A few days ago I published a post about Ignaz Moscheles: The Recollections of Ireland for Piano. I held my hand up and admitted that the composer was not British. However he did spend a considerable part of his composing and playing career on these shores. The subjoined review is from The Quarterly Musical Magazine and Review from Oct 1826. I make no apologies for including this discussion of the Recollections. For one thin it shows how different is the approach to musical criticism between our own day and that of 185 years ago. Nowadays the work would either be described in two dozen words or subjected to a Schenkerian analysis that would mystify most readers and bore the remainder. I am not suggesting that we return to prosy description of our music like our Georgian forbears. However there must surely be some lessons to be learnt.
Certainly the work has borne up to the passing of the years. It is still an impressive pieces that commands our interest and attention.
The Recollections of Ireland, a Grand Fantasia on ‘The Groves of Blarney’, ‘Garry Owen’, and St Patrick’s Day for pianoforte, with orchestral accompaniments by I Moscheles. Cramer, Addison and Beale and S. Chappell
This lesson was composed by Mr. Moscheles for his own performance, at his own concert, last season, where we had the pleasure of hearing it, at a time when the composer was stimulated alike by the occasion, and the natural ardour of genius in the prosecution of its own creations, to give it the greatest possible effect, and when it flowed from under his hand with a smoothness, brilliancy, and mastery of art that called forth the undivided and enthusiastic applause of a crowded audience.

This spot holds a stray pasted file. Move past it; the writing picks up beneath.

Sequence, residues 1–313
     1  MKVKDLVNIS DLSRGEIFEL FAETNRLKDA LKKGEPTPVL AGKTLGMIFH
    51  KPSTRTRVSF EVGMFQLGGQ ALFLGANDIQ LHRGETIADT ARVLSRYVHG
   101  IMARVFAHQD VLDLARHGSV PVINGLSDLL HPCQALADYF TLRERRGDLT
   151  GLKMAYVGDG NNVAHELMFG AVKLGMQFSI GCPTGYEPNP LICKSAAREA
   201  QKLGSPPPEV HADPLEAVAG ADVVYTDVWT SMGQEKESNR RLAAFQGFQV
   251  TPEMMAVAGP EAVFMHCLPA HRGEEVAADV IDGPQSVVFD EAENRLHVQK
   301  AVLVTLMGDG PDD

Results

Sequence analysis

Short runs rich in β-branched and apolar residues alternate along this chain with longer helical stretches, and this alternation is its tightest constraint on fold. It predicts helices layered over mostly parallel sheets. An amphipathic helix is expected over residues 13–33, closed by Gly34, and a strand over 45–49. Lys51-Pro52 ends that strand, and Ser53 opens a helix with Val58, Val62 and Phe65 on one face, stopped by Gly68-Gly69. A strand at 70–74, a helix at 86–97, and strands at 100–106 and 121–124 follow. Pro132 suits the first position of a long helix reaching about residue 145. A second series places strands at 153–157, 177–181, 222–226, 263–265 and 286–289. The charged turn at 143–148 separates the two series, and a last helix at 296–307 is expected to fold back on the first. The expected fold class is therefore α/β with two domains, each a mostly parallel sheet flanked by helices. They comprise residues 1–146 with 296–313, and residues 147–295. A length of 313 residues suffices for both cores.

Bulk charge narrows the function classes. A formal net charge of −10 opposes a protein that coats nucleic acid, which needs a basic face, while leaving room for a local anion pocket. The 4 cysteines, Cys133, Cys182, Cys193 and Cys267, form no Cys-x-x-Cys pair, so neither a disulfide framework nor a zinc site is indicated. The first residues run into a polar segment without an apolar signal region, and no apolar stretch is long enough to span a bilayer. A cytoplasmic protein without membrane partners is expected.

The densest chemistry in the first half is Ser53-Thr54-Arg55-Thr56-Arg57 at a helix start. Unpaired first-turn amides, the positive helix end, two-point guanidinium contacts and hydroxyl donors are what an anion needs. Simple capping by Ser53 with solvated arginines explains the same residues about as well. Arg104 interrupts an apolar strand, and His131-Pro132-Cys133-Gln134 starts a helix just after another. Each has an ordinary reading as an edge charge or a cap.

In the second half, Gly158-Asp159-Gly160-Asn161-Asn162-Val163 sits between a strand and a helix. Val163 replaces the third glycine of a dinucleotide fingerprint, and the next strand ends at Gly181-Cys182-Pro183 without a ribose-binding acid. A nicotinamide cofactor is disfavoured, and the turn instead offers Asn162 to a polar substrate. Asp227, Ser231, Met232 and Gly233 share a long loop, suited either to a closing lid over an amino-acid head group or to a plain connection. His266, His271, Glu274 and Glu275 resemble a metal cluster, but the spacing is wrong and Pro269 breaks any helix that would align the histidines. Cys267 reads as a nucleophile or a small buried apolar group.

To us, memory still throws her charms around ‘Recollections of Ireland’, but to most of our readers this satisfaction is denied, and we must therefore, however reluctantly, yield to her power only so much as to bear in mind the effect of which the lesson is capable, while we turn to its closer perusal. Although written for a similar occasion to that which called forth ‘The Fall of Paris’, the two lessons are so essentially different in almost every point, that they do not come within the limits of comparison. The latter was written at a time when Mr. M.’s talents as a performer were but new to an English public, and when as a composer he was totally unknown, and his object was to show his power in both ways. When the Recollections are composed, he writes in the full confidence of an established reputation, for numerous pupils whom he has himself qualified to appreciate his style, and for a public, who by frequent opportunities of hearing his performance, are prepared to receive his productions with the approbation they deserve.
These are the principal points of difference, yet when all is considered we should be inclined to rank The Recollections of Ireland’ higher as a composition, and in its own particular style, than ‘The Fall of Paris’ on the ground that is draws its effects from more natural sources, and is written more with a view of pleasing than astonishing – in fact, that Mr. Moscheles is here seen more in the light of a composer, whereas in the former instance he was to be regarded rather in character of an artist.
The introduction can only be considered as a field for the powers of execution, but this execution perhaps, generally below the present standard of difficulty, is more chastened, and freer from that straining after effect than is usual, even with Mr. M.